[0013] On the right side of cabinet 12 is a conventional pull handle 39 that may be optionally used as a part of the user interface to the gaming apparatus.

[0014] The cabinet 12 was designed to coincide with the overall dimensions of traditional slot machines so that the device can be placed in existing casino carousels without requiring reconfiguration of the stands or machine layouts. The right side of the cabinet forms a compartment for containing currency input devices such as coin and bill acceptors, a card reader, keypad, and perhaps a display for a player tracking network interface. A locked service door 41 forms the right side wall of the cabinet and allows access to the currency components in this section. The front 43 of the lower section of the enclosure contains a coin hopper (a cache of coins that is used to pay out the player's winnings when playing in cash mode). The back of the lower section of the cabinet (behind the hopper) contains a CPU box with all of the associated electronics and power supplies. A locked service door allows access to the hopper in this section.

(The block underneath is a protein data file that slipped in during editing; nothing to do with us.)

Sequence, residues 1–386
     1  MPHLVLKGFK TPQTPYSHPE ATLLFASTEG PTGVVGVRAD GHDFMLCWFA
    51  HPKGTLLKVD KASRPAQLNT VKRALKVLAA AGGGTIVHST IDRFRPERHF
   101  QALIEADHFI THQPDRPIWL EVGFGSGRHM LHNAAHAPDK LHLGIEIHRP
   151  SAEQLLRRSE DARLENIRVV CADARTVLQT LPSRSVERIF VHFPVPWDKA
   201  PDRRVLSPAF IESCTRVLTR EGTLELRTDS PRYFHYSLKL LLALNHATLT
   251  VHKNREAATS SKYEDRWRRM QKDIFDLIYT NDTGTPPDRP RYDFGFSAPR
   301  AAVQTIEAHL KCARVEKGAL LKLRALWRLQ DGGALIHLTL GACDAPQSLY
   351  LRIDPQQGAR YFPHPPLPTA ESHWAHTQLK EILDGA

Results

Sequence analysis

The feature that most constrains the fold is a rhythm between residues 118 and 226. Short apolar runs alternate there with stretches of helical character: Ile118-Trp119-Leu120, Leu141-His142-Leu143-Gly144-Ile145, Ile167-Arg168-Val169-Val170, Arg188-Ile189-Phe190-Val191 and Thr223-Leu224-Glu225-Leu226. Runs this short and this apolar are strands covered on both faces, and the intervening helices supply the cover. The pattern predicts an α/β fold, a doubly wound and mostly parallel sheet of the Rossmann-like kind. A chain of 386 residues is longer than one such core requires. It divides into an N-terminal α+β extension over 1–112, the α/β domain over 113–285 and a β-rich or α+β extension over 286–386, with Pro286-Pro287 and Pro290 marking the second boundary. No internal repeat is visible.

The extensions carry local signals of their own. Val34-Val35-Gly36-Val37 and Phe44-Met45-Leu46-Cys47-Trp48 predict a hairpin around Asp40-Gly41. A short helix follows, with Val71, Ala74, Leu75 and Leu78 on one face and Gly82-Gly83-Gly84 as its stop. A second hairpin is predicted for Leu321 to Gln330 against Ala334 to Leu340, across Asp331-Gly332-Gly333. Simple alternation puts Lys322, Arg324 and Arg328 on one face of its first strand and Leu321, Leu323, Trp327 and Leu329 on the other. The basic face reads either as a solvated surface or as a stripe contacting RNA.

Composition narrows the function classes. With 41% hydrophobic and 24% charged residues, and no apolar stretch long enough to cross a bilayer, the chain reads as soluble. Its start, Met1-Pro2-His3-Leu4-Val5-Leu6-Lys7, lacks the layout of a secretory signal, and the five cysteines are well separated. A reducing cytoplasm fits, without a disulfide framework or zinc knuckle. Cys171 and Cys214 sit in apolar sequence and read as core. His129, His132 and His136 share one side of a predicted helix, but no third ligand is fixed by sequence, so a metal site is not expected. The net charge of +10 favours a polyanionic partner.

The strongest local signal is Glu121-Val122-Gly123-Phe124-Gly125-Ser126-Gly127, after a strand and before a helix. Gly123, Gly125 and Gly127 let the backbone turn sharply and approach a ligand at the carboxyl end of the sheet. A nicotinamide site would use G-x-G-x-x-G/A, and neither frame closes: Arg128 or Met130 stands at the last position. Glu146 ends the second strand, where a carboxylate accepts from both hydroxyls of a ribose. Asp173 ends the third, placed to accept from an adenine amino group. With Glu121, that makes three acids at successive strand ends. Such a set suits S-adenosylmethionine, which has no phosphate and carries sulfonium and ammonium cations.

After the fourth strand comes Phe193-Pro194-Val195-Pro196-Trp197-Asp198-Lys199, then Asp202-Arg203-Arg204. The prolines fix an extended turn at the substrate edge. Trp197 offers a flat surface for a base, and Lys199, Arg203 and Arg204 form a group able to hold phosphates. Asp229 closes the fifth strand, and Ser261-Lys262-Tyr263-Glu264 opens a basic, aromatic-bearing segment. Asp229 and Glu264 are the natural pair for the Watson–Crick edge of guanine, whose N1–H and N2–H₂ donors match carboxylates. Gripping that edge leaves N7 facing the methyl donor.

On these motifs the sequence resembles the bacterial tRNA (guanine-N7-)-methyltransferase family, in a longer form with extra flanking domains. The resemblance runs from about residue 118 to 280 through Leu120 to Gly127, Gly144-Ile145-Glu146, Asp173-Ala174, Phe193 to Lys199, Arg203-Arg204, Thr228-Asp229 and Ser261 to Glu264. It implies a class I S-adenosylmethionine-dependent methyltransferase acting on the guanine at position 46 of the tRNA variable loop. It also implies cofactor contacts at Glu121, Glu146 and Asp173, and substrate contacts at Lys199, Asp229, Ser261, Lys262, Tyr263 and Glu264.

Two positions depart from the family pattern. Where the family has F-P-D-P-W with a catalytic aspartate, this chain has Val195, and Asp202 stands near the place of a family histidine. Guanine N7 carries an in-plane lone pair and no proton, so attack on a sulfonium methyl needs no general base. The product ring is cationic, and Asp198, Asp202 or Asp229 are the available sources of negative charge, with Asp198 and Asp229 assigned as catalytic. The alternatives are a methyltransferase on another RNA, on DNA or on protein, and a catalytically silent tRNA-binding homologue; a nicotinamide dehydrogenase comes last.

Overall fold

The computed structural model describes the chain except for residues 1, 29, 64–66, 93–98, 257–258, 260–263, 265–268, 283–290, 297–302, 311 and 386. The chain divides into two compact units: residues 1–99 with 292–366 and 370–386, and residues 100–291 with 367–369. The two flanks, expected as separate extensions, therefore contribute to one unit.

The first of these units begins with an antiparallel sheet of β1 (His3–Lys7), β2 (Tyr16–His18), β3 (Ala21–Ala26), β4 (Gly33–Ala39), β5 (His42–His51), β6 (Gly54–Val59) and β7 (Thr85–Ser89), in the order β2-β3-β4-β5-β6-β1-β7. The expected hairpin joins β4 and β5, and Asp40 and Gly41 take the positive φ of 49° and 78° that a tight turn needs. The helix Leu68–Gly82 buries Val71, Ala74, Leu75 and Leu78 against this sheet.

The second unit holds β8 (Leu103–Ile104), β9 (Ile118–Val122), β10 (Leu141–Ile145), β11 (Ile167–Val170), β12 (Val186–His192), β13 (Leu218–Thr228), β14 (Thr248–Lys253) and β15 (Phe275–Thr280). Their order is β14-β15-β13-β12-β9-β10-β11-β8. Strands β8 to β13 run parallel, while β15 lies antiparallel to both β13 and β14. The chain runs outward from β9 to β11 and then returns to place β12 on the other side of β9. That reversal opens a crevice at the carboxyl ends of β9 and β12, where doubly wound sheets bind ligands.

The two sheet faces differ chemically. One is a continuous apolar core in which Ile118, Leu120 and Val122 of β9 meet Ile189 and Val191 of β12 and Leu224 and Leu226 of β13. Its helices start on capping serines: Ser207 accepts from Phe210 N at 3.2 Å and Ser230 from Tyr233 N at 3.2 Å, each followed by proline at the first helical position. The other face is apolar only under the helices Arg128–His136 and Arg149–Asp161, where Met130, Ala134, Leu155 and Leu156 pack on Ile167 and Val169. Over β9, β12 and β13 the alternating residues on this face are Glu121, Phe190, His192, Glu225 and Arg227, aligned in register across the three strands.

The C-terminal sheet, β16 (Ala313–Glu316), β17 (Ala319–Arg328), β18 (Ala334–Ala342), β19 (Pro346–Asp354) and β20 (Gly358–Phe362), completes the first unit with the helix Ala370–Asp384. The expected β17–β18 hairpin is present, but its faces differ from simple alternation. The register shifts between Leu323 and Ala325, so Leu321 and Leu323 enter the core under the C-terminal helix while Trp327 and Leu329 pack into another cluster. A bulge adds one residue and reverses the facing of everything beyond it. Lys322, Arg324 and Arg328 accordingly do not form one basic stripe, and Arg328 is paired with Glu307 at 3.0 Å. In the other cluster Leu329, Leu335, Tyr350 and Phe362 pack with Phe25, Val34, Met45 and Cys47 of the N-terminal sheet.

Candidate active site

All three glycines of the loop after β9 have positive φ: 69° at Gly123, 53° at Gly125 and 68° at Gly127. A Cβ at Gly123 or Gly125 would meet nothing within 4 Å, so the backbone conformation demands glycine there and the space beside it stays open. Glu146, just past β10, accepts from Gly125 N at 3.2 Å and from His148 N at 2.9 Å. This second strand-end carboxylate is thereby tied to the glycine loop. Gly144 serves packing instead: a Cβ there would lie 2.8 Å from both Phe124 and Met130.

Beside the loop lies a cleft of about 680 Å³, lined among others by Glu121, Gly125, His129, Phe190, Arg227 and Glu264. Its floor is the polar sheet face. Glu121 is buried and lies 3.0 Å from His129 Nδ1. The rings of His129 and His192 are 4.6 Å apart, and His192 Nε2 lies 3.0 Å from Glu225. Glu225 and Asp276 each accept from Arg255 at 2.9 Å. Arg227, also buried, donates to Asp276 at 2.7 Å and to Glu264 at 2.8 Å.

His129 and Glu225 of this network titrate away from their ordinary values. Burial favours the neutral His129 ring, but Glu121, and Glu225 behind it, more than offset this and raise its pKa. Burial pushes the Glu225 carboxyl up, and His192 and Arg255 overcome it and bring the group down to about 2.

[0015] Player tracking network electronics are located in the top of the system and are accessed by removing a top cover (not shown).

[0016] The cabinet layout, which is more or less traditional for video-type slot machines, leaves a tall and narrow section at the upper left for the CRT that forms the display screen 16. To maximize the screen area in the available space, a 26″, wide screen CRT display device rotated 90° into a “portrait mode” is used with the screen origin at the bottom left corner, and the image scanned from left to right. For purposes of this disclosure “portrait mode” is defined as a display configuration in which a display screen has a height dimension that is substantially larger than its width dimension. The wide screen CRT has a 16×9 (height to width) aspect ratio and a 0.69 mm dot pitch allowing for an 856×480 visible display area. Portrait mode configured display screens or CRTs having other aspect ratios may also be used. For example, although less desirable, a standard 4×3 CRT monitor rotated into a portrait mode could be used.